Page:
Indeed, dietary moderation is a consistent feature of the lives of the superwrinklies. Protein and animal fat typically play a minimal role in their menus. In Sunchang, for example, rice and boiled vegetables are a staple. "The white-rice-and-vegetables-dominated diet consists primarily of carbohydrate, while remaining low in fat," says Dr. Park Sang Chul, who heads the World Health Organization's aging-research center in Seoul and has spent three years studying the residents of Sunchang. "Low fat content is one of the more crucial keys toward longevity." The story is similar for the locals of Hunza Valley, says Khwaja Khan, a physician in the Hunza town of Karimabad who has treated many of the valley's eldest residents. The Hunza, Khan says, were cut off from the outside world for centuries by the 7,000-meter Himalayan peaks ringing the valley, and until recently were forced to subsist on a spartan menu of apricots, walnuts, buckwheat cakes and fresh vegetables. Many cross the century mark, and a few motor on for another 10 years or longer.
Living in relatively poor conditions in a village free of the industrialized world's dietary sludgeand miles from a fast-food restaurantisn't required for long life. But eating habits influenced by scarcity appear to contribute to health. Says Chinese longevity expert Chen, the residents of Bama "are not starving, but for many years they weren't often full, either." In Okinawa, researchers found their subjects ate about 20% fewer calories than the Japanese averagewhich in turn is about 20% lower than the average in the U.S. According to Dr. Makoto Suzuki, leader of the study of Okinawan elders and one of Willcox's co-authors, a restricted-calorie diet might reduce the harmful effects of free radicalsmolecules that occur naturally in the body during biochemical reactions but that can damage cells and are implicated in most of the deleterious effects associated with aging, including cancers and cardiovascular diseases.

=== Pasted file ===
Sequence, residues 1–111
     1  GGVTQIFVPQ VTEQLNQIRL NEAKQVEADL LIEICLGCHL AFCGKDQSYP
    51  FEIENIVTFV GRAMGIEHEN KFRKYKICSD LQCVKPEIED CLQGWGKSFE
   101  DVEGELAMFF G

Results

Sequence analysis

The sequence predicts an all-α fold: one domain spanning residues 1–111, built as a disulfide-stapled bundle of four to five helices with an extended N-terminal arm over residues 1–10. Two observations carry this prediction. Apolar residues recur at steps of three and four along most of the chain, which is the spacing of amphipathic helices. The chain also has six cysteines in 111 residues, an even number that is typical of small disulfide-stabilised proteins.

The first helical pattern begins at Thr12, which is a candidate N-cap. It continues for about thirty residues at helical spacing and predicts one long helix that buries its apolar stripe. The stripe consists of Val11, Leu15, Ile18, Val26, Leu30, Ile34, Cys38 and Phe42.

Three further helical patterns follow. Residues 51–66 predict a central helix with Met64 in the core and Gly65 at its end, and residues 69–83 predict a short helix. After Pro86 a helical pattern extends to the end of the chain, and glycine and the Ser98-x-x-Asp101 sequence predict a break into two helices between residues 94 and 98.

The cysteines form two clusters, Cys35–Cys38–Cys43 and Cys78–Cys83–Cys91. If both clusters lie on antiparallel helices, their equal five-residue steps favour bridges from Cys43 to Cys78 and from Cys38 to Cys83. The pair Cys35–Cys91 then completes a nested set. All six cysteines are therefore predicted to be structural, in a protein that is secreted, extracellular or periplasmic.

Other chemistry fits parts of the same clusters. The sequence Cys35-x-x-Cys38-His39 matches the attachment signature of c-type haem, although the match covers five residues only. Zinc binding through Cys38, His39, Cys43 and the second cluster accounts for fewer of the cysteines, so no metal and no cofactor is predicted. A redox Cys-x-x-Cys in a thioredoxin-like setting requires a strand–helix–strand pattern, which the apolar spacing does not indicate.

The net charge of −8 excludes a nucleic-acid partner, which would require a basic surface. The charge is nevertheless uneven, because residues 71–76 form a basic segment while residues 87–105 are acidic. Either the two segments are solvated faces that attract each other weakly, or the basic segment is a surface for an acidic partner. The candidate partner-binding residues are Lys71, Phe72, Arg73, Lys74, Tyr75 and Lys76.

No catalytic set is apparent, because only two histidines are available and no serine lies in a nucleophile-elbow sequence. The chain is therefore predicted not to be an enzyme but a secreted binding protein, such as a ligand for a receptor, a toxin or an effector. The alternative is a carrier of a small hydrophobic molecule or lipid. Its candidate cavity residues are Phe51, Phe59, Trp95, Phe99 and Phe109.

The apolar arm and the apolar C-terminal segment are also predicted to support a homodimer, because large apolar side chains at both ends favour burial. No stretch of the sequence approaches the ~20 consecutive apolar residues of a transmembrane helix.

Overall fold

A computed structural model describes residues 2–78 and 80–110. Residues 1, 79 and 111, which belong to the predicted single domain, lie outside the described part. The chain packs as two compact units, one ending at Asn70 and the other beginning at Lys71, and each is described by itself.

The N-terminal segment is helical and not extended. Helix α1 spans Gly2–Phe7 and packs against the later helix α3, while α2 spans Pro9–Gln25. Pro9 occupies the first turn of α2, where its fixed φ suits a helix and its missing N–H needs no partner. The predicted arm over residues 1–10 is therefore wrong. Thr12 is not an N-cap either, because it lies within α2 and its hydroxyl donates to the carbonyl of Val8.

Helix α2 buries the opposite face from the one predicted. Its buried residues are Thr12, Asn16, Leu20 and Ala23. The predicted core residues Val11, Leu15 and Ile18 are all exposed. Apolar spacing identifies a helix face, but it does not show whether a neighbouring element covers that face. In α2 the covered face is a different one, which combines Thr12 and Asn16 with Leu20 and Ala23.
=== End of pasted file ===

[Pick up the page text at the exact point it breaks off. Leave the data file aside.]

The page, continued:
Happily, living to an advanced age doesn't depend entirely on self-denial. Researchers are also trying to pinpoint particular foods consumed in each of the regions that can help avert the diseases and disabilities associated with aging. The people of Bama, for example, cook with oils derived from hemp and the fruit of tea bushes. These oils are rich in unsaturated fat, vitamin E and vitamin B1antioxidant nutrients believed to contribute to a healthy cardiovascular system, says Chen, as well as helping prevent certain types of cancers. Suzuki says Okinawans do most of their stir-frying with canola oil, which has been widely shown to protect the body against free radicals.
The Okinawan elders who were part of Suzuki's study got most of their protein from fish, which provides another so-called good fat: omega-3. This oil is particularly prevalent in fish such as salmon, tuna and mackerel, whose established heart-protecting properties are considered by researchers to be an important reason that Japan's incidence of heart disease is one-third that of the U.S.'s. Okinawans have about one-fifth as many heart attacks as North Americans, Suzuki says, and when they do, they are twice as likely to survive.